Here we go again.
The North Carolina Legislature has passed a bill to allow its citizens to vote on a state constitutional amendment against gay marriage.
The majority of folks in North Carolina are against this amendment, but that is considered a minor detail by the organizations and people pushing it.
They are always quick to point out that other states that have polled against state constitutional amendments against gay marriage passed them when voters had the chance to register their opinions via the ballot box.
Of course the truth is not that simple. The untold narrative usually goes like this:
People in the targeted states are so generally worried about more pressing issues that they allow their legislatures to be the first salvo in what can be called an invasion (i.e., laying the groundwork by passing a bill, thereby forcing constituents to vote on the matter).
Then an organization -- usually the National Organization for Marriage -- is the second part of the invasion via its virtually unlimited funds supplied by secret donors (which the group has fought tooth and nail not to reveal), which pay for the inundation of robocalls, mailers and commercials spinning a multitude of lies about gays harming children or gays persecuting Christians, or gays causing all sorts of mayhem in general if the amendment is not passed.
At the same time, the organization strokes the egos of area pastors and public leaders. The organization, combined with these pastors and public leaders, gain votes by:
- Picking a needless war with the gay community over the definition of "civil rights"
- Spooking people into thinking that God will literally send the Angel of Death to smite them if they don't vote for the amendment
- Scaring people into thinking that gays are going to knock down their front doors and cart them off to jail or convert their children if they don't vote for the amendment
The organization -- again, usually NOM -- wins the vote, and while it brays about how "the community stood up to protect marriage," the community in actuality deals with strife, hard feelings, broken families and generally not understanding why their votes to "protect marriage" hasn't put food on their tables or more money in their paychecks, or made their lives better.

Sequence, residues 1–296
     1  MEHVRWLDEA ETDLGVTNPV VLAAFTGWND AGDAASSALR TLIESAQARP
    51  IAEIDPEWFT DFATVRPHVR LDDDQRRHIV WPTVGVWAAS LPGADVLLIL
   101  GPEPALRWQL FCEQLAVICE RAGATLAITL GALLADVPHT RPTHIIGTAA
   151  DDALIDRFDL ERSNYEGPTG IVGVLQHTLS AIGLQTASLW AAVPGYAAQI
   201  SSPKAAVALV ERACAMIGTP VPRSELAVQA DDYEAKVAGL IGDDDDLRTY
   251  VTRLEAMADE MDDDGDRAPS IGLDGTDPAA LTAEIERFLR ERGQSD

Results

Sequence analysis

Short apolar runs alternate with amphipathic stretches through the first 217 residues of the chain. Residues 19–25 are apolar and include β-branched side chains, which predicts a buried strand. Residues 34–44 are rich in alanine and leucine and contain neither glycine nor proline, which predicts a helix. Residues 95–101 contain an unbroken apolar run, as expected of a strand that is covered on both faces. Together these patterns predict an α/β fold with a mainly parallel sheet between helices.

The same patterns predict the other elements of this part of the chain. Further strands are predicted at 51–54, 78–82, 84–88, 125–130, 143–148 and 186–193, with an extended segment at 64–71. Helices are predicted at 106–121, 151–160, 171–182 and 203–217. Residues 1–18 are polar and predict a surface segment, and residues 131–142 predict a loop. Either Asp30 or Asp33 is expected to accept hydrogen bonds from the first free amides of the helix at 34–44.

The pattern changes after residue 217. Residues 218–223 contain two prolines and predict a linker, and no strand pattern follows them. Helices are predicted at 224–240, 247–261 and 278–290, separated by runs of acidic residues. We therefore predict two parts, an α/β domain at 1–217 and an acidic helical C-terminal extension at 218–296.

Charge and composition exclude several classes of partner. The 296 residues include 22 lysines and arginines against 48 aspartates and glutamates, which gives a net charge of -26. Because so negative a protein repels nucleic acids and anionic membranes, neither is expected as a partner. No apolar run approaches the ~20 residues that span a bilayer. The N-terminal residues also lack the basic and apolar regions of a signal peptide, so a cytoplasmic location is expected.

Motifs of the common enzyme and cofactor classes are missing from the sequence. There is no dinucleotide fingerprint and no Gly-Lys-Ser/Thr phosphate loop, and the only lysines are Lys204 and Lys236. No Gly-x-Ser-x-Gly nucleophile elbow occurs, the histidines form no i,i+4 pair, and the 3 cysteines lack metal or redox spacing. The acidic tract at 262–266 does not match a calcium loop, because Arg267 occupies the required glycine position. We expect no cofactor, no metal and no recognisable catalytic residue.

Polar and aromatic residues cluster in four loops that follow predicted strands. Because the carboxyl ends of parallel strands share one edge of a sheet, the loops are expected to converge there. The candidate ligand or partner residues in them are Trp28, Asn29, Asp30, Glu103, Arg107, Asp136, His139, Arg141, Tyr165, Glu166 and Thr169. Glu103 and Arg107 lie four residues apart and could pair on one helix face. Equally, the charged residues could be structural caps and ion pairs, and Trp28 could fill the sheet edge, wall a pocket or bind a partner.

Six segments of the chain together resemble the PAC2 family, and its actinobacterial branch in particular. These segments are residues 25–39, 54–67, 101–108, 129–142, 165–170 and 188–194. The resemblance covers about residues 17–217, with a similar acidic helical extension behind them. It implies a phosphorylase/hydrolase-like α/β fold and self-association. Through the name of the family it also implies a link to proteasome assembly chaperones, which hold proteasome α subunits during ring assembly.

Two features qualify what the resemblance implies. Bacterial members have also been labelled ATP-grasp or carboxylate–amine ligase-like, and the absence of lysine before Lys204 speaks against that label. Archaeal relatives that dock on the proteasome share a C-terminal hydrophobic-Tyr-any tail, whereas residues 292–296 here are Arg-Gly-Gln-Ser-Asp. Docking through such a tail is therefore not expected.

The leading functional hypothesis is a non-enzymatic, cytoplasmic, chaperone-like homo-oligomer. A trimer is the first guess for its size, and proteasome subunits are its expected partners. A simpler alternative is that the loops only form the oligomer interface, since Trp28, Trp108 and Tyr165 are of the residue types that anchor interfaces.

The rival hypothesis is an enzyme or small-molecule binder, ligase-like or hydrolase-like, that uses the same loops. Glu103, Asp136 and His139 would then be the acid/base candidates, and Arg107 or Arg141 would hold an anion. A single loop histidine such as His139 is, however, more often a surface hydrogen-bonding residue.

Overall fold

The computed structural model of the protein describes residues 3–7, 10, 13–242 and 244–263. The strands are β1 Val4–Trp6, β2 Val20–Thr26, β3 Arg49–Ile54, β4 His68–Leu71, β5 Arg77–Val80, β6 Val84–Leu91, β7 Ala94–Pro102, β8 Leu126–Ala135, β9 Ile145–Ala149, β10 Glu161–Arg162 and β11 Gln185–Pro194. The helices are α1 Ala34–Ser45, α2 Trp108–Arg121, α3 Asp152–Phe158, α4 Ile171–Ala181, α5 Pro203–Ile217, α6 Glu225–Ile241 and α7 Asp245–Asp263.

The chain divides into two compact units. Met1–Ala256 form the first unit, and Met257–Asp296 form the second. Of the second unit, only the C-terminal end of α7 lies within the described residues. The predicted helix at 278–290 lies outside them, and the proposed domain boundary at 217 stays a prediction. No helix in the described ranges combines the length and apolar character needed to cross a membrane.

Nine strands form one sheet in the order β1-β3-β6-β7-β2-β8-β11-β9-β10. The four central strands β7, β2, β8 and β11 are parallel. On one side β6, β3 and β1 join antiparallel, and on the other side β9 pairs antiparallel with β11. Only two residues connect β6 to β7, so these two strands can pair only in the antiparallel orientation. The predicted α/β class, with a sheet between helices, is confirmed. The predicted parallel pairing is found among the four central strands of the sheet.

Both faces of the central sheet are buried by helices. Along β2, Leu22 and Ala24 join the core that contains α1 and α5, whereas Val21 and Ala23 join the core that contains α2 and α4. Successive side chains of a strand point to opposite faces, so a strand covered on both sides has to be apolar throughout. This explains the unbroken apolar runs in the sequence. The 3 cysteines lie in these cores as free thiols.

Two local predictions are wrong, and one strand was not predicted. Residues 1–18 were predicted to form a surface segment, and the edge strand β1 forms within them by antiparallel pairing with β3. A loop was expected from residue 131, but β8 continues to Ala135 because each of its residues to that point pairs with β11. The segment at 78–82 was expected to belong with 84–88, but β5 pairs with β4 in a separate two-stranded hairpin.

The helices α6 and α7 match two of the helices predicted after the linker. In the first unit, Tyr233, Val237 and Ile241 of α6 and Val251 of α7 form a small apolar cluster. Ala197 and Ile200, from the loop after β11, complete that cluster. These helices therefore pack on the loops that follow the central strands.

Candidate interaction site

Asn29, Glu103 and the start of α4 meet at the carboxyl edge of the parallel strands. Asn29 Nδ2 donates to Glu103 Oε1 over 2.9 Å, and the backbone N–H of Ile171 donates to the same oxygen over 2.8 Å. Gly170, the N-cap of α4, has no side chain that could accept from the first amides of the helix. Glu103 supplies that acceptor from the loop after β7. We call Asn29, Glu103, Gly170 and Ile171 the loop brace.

It's like some religious version of that Simpsons episode about the monorail. But instead of a faulty monorail, people are being sold a faulty premise that the biggest harm to their marriages are their gay and lesbian neighbors, and if they make it difficult for these folks to marry, then somehow the real things that harm marriages (e.g., the lack of communication or poverty, a subject none of these "we need to protect marriage" groups seem to ever address) will suddenly disappear.
It's time for this "we need to protect marriage" con to die. And it will. It could happen in North Carolina or Minnesota. Both states are facing anti-marriage-equality votes next year. Or it could happen before then. But rest assured, it will happen.
As our economic crisis looms and Republicans go tête-à-tête with the president, people are starting to get hip to these distracting amendment pushes that exploit their religious beliefs while doing nothing to solve the problems they have gaining employment, feeding their families or paying their mortgages.
It is said that a lie travels around the world before the truth has time to put on its shoes. What they always forget to mention is that when truth does put on its shoes, it usually makes up for lost time.
In the case of these phony "protect marriage" votes, I have a feeling that truth is just about to slap on its sneakers.